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Monday, August 21, 2006

Pawn Shop Circuit: Shops Less Traveled

I went by my usual pawn shops today, Dave, Neil and Kenny, and none of them had any new stock. I had some extra time on my hands, so I decided to try a few shops less traveled.

First up was a pawn shop run by a father and son, with a regular clientele of blue collar workers. A couple of carpenters were inside jaw jacking with the owner as I walked over to the gun counter. I was pretty much ignored. The case contained inexpensive new handguns, fairly priced. I made a note of a Ruger MKIII in stainless steel for $308. There were also Charter Arms revolvers, Heritage revolvers, RG revolvers, and a rack of used deer rifles. I gazed at a RG10 revolver a bit. I could not remember if I had ever seen one new. Even new, it was a turd. As I turned to leave, the owner asked if he could help me. I thanked him, but said no as I walked outside.

Next was a pawn shop favored by the biker crowd. It was a dusty place filled with big black speakers, guitars, motorcycle parts, tools, bongs, and a case of handguns. Last year, in desperation, I had checked this place and the long haired counter jockey had just gotten in a Colt Series 80 1911 that someone had grafted Bomar sights onto, put in a full length guide rod, and some "lamo camo" checkered grips. I had looked it over back then, but handed it back when I saw the $1000 price tag. I was not surprised to see it still in the case today, a year or so later. It is still priced at $999. There were some other handguns in the case, but nothing memorable. Strangely, there were handwritten signs saying "Guns Sold to FFL Dealers Only" posted all through the shop. It seems a tail must have gotten pinched in a crack at some point. I did not ask.

Finally, I decided to try one more pawn shop. This one was cleaner than the biker pawn shop, but it had a distinct thrift store flavor geared to the new divorcee. Playskool toys were for sale. There was a long counter dedicated to rings and assorted jewelry. A young woman was behind the counter debating bitching to a girlfriend about the man in her life. Under the handgun glass was a Model 10 Smith & Wesson with a round butt and a pinned barrel. I'm a Model 10 aficionado, and there are a few types I am still looking for at the right price. I would like a heavy barrel, a three inch barrel, and a round butt Model 10. Ideally, I would like to find all three (or at least two) of those features on the same gun. The example in this case was a 4 inch pencil barrel. It was tagged $229. I decided to look at it anyway.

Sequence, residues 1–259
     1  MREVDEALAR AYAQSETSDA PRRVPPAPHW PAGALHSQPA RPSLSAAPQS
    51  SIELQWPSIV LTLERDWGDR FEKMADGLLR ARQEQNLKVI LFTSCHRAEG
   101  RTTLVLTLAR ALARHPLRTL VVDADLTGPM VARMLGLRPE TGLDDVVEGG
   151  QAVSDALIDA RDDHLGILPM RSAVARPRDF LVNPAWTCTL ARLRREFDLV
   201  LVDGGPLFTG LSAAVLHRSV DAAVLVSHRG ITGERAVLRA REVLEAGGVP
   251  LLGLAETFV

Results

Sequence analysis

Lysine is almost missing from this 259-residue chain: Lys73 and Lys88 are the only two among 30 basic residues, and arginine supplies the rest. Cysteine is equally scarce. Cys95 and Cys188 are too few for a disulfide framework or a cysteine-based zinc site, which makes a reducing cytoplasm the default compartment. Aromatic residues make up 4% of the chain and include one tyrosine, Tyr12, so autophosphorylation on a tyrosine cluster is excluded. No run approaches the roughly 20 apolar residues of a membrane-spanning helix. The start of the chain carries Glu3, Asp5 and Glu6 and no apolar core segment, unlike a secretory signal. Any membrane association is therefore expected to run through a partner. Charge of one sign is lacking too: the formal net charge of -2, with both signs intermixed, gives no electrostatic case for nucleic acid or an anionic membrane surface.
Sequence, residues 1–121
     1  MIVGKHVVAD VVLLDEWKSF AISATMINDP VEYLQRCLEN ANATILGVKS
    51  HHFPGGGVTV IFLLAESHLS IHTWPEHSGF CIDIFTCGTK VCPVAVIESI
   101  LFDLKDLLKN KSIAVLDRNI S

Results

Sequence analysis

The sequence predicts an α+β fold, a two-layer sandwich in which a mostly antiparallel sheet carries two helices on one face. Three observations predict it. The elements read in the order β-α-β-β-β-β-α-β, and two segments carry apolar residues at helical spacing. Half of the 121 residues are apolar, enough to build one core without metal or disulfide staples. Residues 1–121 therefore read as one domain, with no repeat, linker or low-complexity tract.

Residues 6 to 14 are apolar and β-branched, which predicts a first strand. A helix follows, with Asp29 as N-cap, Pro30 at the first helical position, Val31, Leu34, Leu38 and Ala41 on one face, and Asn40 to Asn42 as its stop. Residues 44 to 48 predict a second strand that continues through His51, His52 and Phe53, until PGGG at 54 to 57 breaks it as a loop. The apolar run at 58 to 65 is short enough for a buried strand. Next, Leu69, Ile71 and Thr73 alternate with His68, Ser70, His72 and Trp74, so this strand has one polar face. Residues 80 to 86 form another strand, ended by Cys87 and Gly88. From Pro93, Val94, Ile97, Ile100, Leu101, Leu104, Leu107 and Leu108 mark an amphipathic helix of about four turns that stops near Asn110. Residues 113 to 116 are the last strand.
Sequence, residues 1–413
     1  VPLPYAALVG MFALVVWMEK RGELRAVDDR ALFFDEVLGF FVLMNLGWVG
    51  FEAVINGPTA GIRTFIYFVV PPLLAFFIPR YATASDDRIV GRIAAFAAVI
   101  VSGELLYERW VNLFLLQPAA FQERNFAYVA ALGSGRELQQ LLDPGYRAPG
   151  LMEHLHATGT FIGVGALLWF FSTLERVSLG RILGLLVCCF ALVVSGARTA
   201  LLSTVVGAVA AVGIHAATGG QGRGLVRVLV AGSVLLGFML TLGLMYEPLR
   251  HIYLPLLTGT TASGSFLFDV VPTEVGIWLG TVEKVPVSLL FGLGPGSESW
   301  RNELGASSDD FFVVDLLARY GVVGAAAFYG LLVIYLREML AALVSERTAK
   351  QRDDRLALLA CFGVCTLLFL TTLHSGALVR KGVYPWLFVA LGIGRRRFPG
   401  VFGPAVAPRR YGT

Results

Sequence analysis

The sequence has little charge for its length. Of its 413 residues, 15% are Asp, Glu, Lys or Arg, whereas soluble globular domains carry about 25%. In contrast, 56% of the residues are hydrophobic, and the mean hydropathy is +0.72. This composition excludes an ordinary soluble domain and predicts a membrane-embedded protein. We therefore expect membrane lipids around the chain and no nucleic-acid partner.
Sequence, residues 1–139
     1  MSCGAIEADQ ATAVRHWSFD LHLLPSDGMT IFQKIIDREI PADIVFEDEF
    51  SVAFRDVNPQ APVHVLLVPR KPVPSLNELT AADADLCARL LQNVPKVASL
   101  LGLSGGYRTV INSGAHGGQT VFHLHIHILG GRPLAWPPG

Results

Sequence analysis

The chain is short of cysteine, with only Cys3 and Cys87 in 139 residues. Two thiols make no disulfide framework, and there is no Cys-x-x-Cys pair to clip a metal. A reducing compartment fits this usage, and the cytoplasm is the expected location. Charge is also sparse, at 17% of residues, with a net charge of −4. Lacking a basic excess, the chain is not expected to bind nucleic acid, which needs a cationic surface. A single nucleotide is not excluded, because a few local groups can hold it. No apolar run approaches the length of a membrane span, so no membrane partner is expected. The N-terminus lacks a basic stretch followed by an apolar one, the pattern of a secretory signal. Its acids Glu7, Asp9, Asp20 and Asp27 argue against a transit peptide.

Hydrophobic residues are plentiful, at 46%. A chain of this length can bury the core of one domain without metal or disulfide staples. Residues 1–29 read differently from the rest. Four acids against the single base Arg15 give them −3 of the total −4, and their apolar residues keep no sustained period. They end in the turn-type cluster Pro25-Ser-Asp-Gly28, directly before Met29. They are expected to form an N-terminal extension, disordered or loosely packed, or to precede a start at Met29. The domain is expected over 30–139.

I jingled the change in my pocket as I stood in front of the counter. The woman continued her conversation. I took out my wallet and counted the bills inside. The woman continued her conversation. I cleared my throat. She looked my way, and then turned back to her conversation. I bent over, copied down the serial number through the glass, and walked out of the shop. I might return to purchase the revolver, I might not.


Sunday, August 20, 2006

Call Me Crazy........

I was reading about these demilled Victory Models in John Henwood's book last night. In 1979 they sold for $8.95 each or ten for $75. Call me crazy.......I want one, or two, or three......

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First Shots

I found this on You Tube.
This is not how you teach someone to shoot.
Send them to a qualified instructor instead.


Saturday, August 19, 2006

Smith & Wesson Model 17-4

There once was a time that I did not understand. I favored high capacity 9mm handguns back then, and eschewed revolvers all together. Revolvers were guns for fat old men in khakis and Oldsmobiles. A .22 caliber revolver was doubly stupid to my way of thinking. It was an underpowered, overpriced antiquated anachronism.

Finally, one day, I crossed the line, and discovered the pleasures of the wheelgun. It was not easy. The double action revolver trigger is unforgiving. It is perhaps the most difficult trigger to learn to use. Smith & Wesson wheelguns taught me trigger control. The S&W triggers improved my shooting across the board.

Having the immediate and undeniable feedback of holes in a target is a crucial training aid. Being able to launch a bullet for a couple of pennies suddenly began to make sense. The Smith & Wesson K-22 and subsequent Model 17 are .22 caliber revolvers built to the same standards and specifications as every K framed Smith & Wesson. Thus, by shooting a K-22, for pennies you can improve your shooting not only with the double action revolver trigger, but every trigger you use.

I found a S&W Model 17-3 with a six inch barrel, and it was good. Even so, I did not hesitate to purchase this Model 17-4 when I found it at a fair price. It is a pinned and recessed Target Masterpiece with an eight and 3/8 inch barrel.